As we move from micro to macro barriers, the first place I want to explore is society. It doesn’t get more macro than our communities, cities and nation. While mental health is beginning to become more normalized and individuals are having more conversations around mental health issues, there is still work to be done. A large part of that work is understanding where our mental health supports are. For the school culture, one of your mental health supports is school counselors. Our job is literally the mental health support of students but often times society misses this message. Society believes the counselor handles records, they print transcripts, make schedules and help students with college applications (funny how this mirrors what the people in the school building believes about school counseling). As school counselors advocate for the profession internally at the school level, it is equally important to advocate at the community level. When there is an open house for the new school year, set aside time for presentations about who you are and what you do. Schools, when you make flyers for your open houses, don’t limit the professionals students can meet to just teachers and principals. Include your support staff (counselors, social workers, psychologist, etc.). If the school community can advocate and promote all of its professionals to the surrounding communities, perhaps we can change some of the old narratives around education.


A significant different I have seen in the training of counselors is the exploration of bias. Counselors are expected to explore their biases, seek out the appropriate education and training to work on these biases, and incorporate these changes to facilitate multiculturalism and social justice advocacies. I cannot discuss the changes others should make without doing internal discussion within the school counseling field. What is currently happening at a “counseling macro” level is this idea that school counselors are not mental health professionals, they are educators. No. No. School counselors are mental health professionals. Their course work is that of clinical counselors. School counselors learn and use the same theories and techniques that licensed clinicians use in their work. The specialized training of school counselors places them in a position to offer unique perspective to school dilemmas. Unique because it is outside of these traditional education cultured “norms” that have been incorporated generation after generation and have yielded limited change. School counselors need not “water down” their mental health professional identities to make others feel more comfortable about their work and what they do. Educate, advocate and promote.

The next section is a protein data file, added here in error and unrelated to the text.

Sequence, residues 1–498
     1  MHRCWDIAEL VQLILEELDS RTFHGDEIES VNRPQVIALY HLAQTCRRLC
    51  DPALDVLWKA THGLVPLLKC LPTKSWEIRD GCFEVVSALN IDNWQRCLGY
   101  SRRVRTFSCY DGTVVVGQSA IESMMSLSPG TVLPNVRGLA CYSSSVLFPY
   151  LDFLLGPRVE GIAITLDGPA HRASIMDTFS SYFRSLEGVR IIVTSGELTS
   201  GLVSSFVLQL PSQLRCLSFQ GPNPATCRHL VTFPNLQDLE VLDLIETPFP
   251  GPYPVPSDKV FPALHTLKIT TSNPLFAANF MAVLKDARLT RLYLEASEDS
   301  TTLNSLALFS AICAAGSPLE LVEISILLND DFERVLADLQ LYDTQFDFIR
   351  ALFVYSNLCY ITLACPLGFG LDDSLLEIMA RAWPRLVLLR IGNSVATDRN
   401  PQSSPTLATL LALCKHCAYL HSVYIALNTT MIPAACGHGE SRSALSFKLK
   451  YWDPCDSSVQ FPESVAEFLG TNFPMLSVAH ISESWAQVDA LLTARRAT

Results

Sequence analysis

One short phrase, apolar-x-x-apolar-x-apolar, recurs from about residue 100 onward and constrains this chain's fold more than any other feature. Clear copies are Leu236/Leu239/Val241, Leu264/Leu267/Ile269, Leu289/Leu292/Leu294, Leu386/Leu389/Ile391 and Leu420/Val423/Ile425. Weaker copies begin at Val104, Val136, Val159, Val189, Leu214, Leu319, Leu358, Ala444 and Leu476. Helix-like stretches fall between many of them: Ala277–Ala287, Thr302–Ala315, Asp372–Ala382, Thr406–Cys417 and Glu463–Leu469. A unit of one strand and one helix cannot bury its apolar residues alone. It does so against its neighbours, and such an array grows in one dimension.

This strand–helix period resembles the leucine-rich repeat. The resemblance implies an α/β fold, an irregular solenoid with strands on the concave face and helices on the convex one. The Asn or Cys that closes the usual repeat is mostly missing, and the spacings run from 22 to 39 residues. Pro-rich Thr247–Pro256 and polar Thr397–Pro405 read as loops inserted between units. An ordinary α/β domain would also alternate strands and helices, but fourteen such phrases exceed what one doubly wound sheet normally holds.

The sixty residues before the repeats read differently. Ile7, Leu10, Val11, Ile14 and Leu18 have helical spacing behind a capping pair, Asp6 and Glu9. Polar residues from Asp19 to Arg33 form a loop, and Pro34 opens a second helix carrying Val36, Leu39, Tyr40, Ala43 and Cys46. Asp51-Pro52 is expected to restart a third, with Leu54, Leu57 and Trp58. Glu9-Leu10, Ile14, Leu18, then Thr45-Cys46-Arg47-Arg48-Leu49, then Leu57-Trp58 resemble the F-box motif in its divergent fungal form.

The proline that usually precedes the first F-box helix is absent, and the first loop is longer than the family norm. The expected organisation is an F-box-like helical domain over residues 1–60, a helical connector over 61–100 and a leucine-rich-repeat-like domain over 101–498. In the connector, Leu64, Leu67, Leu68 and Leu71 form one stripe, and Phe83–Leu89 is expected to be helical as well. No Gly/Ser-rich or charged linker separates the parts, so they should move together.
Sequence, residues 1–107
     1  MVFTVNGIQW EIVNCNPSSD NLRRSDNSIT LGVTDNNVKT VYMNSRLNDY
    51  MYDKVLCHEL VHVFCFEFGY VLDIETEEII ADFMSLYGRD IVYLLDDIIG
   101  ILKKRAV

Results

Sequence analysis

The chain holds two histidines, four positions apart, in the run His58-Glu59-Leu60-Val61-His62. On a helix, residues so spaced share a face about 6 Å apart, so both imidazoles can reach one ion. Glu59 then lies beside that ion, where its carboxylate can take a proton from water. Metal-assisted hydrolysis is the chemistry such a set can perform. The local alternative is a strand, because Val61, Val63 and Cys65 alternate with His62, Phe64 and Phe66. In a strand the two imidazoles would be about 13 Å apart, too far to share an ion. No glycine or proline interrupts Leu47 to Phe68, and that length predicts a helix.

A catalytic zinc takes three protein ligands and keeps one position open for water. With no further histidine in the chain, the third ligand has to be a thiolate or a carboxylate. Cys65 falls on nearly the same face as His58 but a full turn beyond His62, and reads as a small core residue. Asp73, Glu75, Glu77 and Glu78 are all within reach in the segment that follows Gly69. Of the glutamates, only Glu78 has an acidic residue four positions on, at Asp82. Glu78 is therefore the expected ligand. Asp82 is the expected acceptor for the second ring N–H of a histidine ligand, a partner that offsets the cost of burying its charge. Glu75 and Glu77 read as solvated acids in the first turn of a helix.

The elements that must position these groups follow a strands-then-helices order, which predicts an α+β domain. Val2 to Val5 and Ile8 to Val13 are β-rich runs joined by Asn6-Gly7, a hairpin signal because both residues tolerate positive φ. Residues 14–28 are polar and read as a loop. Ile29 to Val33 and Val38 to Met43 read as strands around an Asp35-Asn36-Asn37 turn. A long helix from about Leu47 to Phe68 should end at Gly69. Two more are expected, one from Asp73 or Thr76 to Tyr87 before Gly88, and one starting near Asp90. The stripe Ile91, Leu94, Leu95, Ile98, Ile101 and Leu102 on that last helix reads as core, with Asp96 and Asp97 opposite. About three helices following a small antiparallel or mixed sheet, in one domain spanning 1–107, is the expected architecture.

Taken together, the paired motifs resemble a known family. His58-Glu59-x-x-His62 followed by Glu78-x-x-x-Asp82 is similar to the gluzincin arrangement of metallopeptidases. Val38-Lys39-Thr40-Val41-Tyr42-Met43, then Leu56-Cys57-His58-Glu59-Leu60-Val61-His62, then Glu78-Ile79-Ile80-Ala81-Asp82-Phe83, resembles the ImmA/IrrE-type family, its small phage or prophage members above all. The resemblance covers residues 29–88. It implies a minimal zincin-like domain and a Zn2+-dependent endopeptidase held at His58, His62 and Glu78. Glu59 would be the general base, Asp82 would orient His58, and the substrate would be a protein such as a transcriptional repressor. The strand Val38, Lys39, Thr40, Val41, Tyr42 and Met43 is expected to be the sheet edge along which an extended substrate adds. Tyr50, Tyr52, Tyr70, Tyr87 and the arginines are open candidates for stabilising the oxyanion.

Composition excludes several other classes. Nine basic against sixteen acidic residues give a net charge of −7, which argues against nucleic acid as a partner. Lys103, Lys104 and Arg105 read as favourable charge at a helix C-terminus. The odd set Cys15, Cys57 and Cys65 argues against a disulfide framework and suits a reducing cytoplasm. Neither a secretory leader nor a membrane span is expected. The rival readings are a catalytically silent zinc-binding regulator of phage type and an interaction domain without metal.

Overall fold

In closing, we must stop inhibiting those professionals in education who want change. Too many professionals spend their time, money and effort pouring themselves into improving the educational experiences of students only to have their ideas marginalized, questioned and discarded. There are professionals in the school with community minded attitudes towards this work who want to incorporate every possible support from each person in the building to create a true community. A community that not only acknowledges diversity but celebrates diversity. Understands that diversity makes things better. Our unique cultures and lived experiences influence us daily and teach us in ways that should be promoted and encouraged. We must move past the idea that life, our cultures, our diversity and the things of this world cease once we, staff AND students, enter the school building. Our school spaces should afford students and staff the opportunity to be their authentic selves. Celebrated, loved and supported. We are diverse. Celebrate it!